I think you can like a person even if you donít like everything about them, but not everyone thinks that way. I had one person tell me, not a close friend but a fairly good friend, ďI canít even look at you anymore without thinking about this.Ē So, yeah, it has changed relationships with some people.

Are you still friends with Peach [The madam of the escort agency]?

Yes. Peach is still in the business, actually. Iíve been working with her on a sort of sequel, Madam. Itís coming out in the spring of 2006. It wasnít my idea to write the sequel; it was the publisherís idea, but I would still be friends with Peach anyway. Yes, she is a madam, but she is also a very genuine and kind person who really cared about the women who worked for her.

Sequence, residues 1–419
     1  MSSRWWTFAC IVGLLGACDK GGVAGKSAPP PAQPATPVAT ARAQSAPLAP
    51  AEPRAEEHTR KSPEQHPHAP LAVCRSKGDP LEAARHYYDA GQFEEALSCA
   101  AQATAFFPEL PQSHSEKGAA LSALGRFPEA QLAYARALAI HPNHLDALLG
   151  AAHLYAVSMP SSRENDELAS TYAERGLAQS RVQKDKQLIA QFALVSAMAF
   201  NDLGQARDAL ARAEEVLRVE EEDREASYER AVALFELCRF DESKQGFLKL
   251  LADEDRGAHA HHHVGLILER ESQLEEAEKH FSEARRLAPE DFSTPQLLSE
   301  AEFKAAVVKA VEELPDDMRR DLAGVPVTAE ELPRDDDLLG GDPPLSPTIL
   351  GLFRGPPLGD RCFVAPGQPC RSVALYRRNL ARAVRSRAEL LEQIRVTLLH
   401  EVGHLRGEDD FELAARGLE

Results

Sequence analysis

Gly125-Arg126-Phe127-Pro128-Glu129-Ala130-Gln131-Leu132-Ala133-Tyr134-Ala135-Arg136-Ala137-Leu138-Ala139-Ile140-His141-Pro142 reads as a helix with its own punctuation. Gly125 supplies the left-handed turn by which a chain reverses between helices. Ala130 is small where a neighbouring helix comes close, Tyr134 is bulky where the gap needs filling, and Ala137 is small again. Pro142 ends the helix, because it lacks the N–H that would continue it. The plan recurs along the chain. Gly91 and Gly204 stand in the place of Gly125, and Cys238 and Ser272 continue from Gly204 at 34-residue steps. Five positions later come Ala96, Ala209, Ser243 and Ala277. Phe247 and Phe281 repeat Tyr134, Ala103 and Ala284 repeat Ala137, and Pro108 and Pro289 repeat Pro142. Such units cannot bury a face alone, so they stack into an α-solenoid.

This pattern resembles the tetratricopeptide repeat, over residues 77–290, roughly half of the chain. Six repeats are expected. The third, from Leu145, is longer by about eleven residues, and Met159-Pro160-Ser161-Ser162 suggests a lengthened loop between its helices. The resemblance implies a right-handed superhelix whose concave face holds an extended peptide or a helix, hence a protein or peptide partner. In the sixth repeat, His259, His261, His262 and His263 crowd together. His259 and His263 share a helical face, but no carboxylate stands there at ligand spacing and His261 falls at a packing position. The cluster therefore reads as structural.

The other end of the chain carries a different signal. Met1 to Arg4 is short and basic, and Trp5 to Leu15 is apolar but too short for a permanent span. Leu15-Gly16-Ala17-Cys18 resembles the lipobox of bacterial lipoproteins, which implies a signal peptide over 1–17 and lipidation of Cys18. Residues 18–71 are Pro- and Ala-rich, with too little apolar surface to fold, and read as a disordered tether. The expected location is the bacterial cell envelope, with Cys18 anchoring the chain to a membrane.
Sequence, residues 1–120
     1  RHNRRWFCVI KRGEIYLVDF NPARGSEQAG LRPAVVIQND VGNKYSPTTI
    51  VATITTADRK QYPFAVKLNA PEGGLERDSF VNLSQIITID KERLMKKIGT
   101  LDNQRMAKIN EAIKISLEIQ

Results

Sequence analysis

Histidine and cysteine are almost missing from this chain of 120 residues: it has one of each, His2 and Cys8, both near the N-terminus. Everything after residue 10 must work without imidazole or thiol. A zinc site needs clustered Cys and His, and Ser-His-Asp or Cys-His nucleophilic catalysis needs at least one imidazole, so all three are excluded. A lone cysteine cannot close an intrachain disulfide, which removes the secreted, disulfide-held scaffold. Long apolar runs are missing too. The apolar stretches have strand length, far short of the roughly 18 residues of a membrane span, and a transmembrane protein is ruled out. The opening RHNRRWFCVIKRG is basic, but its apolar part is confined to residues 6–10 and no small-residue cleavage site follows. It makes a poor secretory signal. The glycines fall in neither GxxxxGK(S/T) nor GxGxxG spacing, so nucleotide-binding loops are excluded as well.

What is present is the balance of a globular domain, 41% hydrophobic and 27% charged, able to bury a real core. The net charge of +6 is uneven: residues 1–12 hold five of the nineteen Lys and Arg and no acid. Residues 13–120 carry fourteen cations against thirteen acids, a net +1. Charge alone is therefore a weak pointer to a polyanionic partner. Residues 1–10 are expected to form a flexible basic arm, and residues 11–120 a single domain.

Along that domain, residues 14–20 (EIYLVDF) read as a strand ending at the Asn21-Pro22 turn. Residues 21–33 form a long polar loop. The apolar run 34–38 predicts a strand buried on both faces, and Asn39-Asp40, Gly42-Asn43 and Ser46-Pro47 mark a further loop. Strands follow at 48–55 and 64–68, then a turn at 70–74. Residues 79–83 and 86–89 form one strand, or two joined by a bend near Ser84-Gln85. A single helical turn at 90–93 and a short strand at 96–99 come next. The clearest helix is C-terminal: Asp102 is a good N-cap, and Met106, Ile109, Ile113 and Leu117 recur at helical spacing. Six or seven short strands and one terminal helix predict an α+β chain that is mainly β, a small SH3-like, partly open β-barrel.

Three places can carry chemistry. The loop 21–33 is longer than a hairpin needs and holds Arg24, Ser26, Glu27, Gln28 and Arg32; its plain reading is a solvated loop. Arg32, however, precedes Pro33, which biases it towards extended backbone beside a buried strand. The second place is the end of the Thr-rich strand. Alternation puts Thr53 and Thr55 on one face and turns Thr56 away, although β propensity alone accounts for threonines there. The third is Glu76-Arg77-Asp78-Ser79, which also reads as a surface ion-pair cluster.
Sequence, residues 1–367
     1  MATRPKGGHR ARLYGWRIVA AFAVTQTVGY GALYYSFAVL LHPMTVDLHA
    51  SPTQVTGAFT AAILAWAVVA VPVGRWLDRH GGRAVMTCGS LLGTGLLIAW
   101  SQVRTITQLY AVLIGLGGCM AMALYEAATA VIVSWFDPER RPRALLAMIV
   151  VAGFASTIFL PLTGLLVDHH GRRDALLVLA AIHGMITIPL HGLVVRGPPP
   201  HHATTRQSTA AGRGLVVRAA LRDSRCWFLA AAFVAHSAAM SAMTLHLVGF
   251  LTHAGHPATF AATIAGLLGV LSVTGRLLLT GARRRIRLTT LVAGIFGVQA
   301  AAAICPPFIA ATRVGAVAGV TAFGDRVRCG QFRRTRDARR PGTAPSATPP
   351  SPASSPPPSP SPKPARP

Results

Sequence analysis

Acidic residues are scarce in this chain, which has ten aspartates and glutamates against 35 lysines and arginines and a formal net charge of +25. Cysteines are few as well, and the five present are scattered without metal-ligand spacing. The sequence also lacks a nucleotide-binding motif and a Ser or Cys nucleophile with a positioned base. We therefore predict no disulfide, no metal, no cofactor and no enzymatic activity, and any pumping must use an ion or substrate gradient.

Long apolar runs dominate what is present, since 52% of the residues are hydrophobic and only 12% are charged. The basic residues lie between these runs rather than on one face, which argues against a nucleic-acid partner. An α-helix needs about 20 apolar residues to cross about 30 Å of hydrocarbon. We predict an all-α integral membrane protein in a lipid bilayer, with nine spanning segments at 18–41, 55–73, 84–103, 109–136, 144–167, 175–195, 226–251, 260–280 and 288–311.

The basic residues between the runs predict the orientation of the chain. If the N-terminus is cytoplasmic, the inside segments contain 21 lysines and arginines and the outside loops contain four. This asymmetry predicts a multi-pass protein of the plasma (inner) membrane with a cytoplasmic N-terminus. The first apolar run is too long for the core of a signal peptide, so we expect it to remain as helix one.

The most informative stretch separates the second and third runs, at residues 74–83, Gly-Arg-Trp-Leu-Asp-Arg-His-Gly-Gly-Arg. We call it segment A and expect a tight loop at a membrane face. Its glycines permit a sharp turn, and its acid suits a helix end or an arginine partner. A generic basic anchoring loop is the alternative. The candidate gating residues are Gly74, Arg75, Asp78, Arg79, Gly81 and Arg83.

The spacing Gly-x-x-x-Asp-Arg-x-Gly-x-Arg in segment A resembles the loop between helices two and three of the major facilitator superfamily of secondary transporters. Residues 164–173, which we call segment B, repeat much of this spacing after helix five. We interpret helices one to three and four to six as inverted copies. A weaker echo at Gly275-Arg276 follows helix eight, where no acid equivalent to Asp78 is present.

Who has been more judgmental about your former line of work: men or women?

Itís definitely been women. And I did not expect that. I was totally shocked. I thought, when the book came out, that women would embrace it, you know, sisterhood and all that. I thought, from what I knew in talking with female friends in my own life, that almost every woman has been in a similar position as I was at the time, and maybe even seriously thought about doing it, even if it was only once. I thought women would understand about making choices, having options, taking power over your own life. But thatís not usually what I get. Most of the time itís, ďHow could you?Ē